We’ve been telling you on and on – millions and millions of sharks are perishing each year, mostly due to shark finning – people fish sharks, cut off their fins, them let them go, only to suffer a slow, painful, humiliating death, unable to move at the bottom of the ocean. Shark fin soup is a delicacy everywhere from Indonesia to mid US, and the situation sharks are in right now is pretty dire to say the least. But there is hope after all.
Three types of critically endangered but commercially valuable shark have been given added protection at the Cites meeting in Bangkok. The body regulates trade in flora and fauna – they pretty much say what’s legal and illegal in terms of what plants and animals you can sell. Shark supporters in the group have been trying to adopt this measure since 1994, but even after 19 years, it’s better late than never.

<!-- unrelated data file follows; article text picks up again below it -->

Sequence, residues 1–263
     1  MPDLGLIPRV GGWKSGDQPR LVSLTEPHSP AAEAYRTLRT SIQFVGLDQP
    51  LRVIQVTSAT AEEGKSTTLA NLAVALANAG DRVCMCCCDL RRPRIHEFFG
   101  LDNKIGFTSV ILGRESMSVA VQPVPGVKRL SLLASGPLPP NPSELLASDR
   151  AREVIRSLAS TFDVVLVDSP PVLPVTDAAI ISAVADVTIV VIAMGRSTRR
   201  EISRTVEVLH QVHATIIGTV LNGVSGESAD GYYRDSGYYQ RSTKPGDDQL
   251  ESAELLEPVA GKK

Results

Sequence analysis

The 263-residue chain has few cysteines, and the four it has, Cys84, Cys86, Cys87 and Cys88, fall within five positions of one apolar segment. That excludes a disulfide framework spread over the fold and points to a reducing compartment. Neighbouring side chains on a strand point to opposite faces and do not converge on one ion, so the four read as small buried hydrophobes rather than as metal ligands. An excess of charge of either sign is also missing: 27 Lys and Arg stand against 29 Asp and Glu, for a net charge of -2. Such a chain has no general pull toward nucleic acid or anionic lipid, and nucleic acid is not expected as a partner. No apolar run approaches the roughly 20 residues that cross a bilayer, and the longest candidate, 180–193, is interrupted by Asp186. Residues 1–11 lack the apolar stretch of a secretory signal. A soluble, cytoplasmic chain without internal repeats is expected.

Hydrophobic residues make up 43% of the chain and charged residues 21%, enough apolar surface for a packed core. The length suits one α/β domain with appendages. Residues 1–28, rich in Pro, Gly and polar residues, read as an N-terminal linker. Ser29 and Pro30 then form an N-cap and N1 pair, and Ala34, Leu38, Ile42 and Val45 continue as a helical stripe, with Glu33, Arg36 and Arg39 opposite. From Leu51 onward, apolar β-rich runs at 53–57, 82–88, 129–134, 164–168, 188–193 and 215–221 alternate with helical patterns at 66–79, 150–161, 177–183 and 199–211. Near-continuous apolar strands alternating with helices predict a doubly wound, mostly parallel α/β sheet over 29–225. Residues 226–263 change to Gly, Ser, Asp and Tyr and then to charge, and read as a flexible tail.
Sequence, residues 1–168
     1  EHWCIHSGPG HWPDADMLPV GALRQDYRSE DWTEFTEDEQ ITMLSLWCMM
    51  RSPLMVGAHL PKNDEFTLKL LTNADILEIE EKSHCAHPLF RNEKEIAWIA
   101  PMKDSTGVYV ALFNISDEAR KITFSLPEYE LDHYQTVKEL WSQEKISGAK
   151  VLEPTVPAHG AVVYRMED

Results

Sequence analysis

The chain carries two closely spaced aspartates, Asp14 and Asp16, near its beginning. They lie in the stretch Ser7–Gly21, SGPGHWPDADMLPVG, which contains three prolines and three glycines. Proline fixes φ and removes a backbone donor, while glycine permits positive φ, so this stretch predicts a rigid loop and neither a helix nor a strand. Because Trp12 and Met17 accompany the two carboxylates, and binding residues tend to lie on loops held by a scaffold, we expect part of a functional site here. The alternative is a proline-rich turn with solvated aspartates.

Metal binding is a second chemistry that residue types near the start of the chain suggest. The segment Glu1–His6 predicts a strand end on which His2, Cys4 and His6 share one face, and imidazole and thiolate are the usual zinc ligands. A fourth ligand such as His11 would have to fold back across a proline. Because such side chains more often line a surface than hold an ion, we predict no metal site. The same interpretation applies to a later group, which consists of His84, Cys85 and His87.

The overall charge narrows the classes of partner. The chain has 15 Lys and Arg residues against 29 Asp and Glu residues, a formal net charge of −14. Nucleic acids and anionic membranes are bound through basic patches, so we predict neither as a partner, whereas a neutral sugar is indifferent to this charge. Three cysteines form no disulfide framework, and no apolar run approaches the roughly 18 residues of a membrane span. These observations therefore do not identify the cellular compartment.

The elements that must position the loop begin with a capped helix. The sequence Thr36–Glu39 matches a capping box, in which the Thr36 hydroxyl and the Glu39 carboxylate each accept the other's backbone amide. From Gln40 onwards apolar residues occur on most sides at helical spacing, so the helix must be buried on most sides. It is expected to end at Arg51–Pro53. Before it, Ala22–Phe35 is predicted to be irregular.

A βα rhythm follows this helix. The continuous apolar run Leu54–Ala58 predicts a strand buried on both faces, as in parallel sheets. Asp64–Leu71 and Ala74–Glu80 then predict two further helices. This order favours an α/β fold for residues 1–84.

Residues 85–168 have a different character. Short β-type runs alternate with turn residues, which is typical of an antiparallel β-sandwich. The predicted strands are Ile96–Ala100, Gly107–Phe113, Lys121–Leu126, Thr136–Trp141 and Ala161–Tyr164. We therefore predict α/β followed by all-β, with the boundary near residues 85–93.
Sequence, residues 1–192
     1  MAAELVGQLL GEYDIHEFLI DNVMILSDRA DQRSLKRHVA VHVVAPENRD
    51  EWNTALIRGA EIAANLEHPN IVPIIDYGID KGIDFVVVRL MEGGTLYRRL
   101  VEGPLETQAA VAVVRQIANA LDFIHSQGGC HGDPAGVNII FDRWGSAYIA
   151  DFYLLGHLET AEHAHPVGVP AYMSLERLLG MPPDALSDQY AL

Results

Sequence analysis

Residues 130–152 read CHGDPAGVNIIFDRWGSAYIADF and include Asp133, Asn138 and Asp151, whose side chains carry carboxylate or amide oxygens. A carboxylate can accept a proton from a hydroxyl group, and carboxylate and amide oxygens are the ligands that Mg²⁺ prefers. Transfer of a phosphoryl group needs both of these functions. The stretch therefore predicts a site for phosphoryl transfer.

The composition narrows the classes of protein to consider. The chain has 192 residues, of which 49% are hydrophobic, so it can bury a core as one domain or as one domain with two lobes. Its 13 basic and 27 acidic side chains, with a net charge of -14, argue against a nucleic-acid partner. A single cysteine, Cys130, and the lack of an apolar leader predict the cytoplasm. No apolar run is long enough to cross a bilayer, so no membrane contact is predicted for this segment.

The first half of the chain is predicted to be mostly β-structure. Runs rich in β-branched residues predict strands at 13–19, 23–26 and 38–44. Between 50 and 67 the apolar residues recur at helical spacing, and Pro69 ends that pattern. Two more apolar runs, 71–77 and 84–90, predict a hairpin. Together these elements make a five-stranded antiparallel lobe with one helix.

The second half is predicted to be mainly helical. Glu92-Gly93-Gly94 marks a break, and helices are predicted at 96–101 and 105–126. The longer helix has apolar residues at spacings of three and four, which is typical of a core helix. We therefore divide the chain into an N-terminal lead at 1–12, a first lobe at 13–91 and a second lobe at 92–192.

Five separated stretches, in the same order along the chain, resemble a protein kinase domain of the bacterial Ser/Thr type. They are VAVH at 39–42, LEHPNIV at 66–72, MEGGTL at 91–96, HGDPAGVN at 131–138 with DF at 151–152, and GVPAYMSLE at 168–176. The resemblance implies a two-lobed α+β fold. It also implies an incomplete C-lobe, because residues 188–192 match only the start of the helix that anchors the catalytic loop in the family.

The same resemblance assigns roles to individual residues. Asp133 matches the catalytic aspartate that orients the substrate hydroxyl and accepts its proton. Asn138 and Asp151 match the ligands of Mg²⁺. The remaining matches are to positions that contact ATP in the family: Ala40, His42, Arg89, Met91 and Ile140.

“They’ve come to realise, particularly for those with hammerhead stocks, the tourist value of these species and the long term future that will be protected by a Cites listing,” said Dr Colman O’Criodain from WWF International.
The thing is that the accord doesn’t ban shark trade, but it regulates it. Basically, both countries importing and exporting sharks must have a license to do this, and there’s a limit to how much you can trade. This will definitely be abused and corrupted, but this is the first measure of this type ever voted, which is still a historic move.
“It is really significant for Cites to come of age like this,” Dr Susan Lieberman explained. “To say we can deal with these species, we can manage the international trade and lets not be afraid of marine species.”
Another significant measure is funding poorer countries who cannot regulate shark fishing themselves – funding which will probably come from the European Union.
“If there’s a need for it the funding will be available,” Feargal O’Coigligh told the meeting.